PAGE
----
• Heather McQuillan

memories in mist

Updated: Feb 28

I hear the name of our destination as we explore a new piece of coastline. I ask, is this the only road in? and I think of the police cars hurtling around these bends. Maybe their sirens pierced a mist that closed back over like it does today. I read about the massacre in the news and saw the pictures on TV as I nursed my youngest. I thought that one of the dead children looked like a child I'd once taught. 'Hell in Paradise' read the headlines.


To our right a ship is being piloted past the peninsula. It separates the mist. Its horn ghost-echoes from the other side.


We arrive at this place that is a name and a story to me but there are other stories in the name. Ara = Pathway. Moana = the Sea. I put these two together but the known story still dominates. The one of a man with ill will and guns. It is a story thirty years old, the same age as my youngest, but it is a story of our time. A precursor, maybe. A warning we failed to listen to.

I pull my jacket closer as we walk along the mole. The sea is gentle. Perfect conditions for the divers with tanks or snorkels that slip from the rocks into the kelp. I see a smooth black-brown body curve and dive. Barry tells me it didn't have a snorkel. I realise too late it was a sea lion.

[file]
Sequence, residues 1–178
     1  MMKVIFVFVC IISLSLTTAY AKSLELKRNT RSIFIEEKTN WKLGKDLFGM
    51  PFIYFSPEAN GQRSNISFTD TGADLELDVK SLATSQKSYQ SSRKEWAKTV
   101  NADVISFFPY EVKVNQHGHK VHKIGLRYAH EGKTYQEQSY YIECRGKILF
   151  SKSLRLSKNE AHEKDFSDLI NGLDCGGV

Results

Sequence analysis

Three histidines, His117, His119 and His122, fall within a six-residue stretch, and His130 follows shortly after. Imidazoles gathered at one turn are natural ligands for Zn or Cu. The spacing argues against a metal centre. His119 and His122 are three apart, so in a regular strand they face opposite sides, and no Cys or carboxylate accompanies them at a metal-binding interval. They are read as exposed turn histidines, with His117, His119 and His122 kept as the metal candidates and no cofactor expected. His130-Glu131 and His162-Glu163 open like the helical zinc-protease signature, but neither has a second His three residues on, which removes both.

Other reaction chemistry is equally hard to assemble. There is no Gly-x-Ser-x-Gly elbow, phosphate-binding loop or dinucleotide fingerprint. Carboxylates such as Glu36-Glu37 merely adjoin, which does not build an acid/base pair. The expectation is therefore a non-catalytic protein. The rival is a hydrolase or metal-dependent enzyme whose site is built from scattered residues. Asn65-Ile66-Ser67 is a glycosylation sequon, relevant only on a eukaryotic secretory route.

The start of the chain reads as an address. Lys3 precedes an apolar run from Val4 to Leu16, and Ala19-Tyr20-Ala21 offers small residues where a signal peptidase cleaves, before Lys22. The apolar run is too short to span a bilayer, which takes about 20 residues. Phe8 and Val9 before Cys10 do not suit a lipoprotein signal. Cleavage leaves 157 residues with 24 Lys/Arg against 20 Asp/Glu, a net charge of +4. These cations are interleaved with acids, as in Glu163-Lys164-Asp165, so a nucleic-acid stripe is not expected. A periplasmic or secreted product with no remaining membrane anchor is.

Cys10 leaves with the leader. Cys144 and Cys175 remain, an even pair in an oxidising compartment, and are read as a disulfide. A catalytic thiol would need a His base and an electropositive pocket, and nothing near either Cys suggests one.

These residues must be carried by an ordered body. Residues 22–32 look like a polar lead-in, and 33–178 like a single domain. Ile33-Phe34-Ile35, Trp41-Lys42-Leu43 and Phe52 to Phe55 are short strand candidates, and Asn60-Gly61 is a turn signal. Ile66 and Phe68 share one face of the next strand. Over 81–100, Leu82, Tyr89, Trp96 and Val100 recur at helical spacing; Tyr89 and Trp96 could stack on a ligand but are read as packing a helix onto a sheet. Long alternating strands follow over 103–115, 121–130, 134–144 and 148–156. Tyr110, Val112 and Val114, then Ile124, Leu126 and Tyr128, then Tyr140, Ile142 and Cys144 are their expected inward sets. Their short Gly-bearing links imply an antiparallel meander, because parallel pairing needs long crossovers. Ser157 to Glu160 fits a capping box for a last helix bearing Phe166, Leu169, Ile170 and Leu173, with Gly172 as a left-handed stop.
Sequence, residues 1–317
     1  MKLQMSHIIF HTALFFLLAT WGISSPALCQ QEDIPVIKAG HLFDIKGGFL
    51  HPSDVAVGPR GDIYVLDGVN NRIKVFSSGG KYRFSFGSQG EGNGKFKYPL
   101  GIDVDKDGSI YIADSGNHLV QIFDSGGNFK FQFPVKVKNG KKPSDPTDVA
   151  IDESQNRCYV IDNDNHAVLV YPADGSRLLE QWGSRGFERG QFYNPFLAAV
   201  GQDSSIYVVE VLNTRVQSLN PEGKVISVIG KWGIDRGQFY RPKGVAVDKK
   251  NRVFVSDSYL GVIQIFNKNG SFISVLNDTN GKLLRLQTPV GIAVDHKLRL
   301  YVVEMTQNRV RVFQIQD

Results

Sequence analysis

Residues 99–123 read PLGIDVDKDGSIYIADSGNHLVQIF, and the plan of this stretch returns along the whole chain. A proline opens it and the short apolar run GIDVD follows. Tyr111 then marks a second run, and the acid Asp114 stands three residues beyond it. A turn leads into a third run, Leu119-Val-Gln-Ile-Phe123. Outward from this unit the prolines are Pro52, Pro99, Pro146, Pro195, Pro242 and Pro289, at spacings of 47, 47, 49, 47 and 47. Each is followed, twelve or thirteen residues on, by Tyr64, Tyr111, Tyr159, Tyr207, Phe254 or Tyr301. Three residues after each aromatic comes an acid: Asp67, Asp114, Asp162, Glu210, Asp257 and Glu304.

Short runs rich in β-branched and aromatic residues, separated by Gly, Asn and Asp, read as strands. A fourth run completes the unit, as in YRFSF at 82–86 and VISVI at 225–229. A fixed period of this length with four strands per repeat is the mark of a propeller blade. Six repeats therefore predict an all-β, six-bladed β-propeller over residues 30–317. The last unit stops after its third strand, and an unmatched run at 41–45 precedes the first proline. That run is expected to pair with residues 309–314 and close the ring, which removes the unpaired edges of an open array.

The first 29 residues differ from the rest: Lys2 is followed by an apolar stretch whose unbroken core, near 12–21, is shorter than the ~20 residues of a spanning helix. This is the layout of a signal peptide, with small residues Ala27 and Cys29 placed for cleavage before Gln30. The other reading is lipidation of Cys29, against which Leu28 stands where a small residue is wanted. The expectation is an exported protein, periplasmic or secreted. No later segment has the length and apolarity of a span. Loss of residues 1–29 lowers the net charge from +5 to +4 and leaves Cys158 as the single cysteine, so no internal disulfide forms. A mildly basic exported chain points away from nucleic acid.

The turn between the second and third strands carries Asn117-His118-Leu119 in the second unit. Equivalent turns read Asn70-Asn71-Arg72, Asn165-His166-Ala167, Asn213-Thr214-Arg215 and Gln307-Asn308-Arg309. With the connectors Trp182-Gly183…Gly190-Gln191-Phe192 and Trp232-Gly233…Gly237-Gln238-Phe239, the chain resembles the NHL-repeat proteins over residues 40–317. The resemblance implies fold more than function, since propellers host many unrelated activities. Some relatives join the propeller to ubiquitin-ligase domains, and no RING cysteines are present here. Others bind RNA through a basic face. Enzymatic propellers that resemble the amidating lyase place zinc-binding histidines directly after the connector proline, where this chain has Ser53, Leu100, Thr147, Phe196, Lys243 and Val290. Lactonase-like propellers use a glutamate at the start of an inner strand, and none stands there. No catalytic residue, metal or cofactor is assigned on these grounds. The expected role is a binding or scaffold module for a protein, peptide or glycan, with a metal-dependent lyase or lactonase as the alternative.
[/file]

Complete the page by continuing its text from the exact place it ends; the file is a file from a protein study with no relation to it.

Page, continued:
The ship leaves the harbour pathway and the mist behind. It draws away around a marker and the pilot ship returns to port. Layered over the memory of the Aramoana massacre, I place stories of ship and horn, mist and sunlight, scuba divers and sea lions, unicorn shells and sand that squeaks. The man with the guns remains. A warning echoing through fog.



In the car on the way back we talk about memories and how there are people around the world who hear the name of Christchurch, our city, and will know only a story about a man with guns, or about earthquakes.


This week, the February 22nd earthquake has been in our memories for ten years. Overlaid on the memories of that day are our stories of survival, and people who helped, and black humour. Stories of digging the longdrop, the free dahl and rice from the local Indian restaurant, the trajectory patterns of soya sauce. The other memories have not misted over although our timelines are unclear... was it the next day? the day after?


In another couple of weeks it will be two years since another massacre was laid into our memories. Another man with ill will and guns.



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